"The post by an individual of DUI/DWI information for public favor is unstable and bad since it only serves to aid impaired and intoxicated or in simple words' drunken drivers to evade DUI/DWI checkpoints and support and boost their confidence to unsafe driving".
The activity is also helping drunk drivers avoid detection and capture, the NYPD asserts, making the roads more risky to the drivers, their passengers, and the general public. It's putting "significant resources" into the effort, the letter said, and Waze users are gumming it up by giving away their unannounced road blocks and thereby helping drunk drivers evade them.
The notifications are all generated by other users that spotted them first and marked the location along the route.
'We've also seen police encourage such reporting as it serves as both a warning to drivers, as well as a way to highlight police work that keeps roadways safe.
However, the NYPD's cease and desist to Google says anyone who posts about the locations of DWI checkpoints may be engaging in criminal conduct. She added: "The goal is to make everyone aware that if you drink, don't drive, and if you drive, don't drink".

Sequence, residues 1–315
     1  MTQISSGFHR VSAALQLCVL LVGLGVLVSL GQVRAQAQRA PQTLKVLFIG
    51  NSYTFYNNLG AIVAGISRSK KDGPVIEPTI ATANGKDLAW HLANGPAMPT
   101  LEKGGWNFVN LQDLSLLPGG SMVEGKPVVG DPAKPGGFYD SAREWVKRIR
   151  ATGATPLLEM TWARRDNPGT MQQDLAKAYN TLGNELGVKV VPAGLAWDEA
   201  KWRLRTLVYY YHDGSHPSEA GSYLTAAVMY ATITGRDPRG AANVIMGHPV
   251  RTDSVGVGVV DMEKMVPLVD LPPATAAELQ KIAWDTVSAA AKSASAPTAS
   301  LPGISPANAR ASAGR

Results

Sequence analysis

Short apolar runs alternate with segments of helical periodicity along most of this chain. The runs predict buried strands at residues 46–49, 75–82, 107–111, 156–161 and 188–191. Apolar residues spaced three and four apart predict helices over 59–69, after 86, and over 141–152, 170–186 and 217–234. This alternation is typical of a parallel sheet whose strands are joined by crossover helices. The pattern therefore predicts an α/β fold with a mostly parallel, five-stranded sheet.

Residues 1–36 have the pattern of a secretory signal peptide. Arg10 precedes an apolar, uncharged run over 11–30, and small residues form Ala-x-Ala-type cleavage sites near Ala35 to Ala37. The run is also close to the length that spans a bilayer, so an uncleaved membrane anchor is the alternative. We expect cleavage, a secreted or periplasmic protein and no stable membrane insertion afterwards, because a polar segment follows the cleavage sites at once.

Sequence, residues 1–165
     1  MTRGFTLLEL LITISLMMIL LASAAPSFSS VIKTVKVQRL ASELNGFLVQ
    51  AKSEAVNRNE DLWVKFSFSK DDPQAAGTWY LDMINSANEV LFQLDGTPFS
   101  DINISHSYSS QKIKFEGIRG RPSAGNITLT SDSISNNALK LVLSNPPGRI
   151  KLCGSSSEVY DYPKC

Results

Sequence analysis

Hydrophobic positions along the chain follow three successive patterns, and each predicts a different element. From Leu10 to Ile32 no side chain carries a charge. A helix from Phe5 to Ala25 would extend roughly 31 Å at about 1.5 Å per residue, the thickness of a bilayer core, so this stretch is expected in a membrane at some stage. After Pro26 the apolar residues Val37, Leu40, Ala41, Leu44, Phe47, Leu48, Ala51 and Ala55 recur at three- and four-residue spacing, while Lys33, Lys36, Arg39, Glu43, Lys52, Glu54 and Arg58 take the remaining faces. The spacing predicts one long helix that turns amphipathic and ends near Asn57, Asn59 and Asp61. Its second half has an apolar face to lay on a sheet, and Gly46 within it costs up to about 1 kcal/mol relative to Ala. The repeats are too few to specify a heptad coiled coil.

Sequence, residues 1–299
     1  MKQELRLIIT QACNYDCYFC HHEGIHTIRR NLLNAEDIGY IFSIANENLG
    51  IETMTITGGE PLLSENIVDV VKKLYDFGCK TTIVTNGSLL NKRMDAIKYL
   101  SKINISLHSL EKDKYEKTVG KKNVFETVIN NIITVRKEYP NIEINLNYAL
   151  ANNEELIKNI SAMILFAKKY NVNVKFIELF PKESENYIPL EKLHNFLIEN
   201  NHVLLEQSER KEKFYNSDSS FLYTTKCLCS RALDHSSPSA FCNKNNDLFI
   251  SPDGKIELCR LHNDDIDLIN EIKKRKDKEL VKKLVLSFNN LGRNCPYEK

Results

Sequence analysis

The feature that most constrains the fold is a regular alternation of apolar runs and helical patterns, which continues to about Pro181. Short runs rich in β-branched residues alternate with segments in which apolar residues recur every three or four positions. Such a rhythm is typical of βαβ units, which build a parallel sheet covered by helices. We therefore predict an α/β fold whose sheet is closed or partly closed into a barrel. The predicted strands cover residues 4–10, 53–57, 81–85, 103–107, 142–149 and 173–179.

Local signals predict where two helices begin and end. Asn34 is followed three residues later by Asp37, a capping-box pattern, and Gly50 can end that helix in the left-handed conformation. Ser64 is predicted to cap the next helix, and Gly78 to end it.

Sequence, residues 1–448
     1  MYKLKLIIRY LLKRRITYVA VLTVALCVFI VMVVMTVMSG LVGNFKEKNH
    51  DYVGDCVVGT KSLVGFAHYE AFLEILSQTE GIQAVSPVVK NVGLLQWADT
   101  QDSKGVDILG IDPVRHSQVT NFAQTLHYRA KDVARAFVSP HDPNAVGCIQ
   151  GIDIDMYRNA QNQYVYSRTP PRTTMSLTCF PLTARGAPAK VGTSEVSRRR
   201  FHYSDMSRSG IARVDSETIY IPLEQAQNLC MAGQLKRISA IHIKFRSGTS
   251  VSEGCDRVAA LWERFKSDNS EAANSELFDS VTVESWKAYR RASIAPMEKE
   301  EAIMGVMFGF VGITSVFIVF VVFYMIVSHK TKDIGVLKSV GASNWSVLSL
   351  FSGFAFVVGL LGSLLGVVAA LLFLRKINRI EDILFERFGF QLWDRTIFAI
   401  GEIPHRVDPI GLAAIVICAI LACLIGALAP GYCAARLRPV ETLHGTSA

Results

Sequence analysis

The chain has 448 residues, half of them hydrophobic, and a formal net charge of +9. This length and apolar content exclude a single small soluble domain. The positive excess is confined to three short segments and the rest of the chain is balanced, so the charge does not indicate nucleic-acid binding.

Jonathon Thompson, the executive director of the sheriffs' association, told the New York Times the Waze police feature seemed like it was created to help people get around law enforcement.
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Waze, which has been around since 2007, was acquired by Google in 2013.
The New York City Police Department has asked Google to disable a feature in its popular Waze app that alerts drivers of DWI checkpoints and other police activity. The app has long tracked this kind of information.
For each mile, drivers will be paid 54 cents.
Google, for its part, seems to have zero interest in complying with the NYPD's demand, which the Post notes could also apply Waze's speed camera-reporting feature.
The letter demands that Google remove any current data and continue to take "necessary precaution" to cease the data posting practice on Waze, Google Maps and any other platform owned or associated with Google.
Google has received criticism for the feature in the past.
Charlie Beck, Los Angeles' police chief at the time, wrote a letter that month to Google, saying the app allowed people to target officers.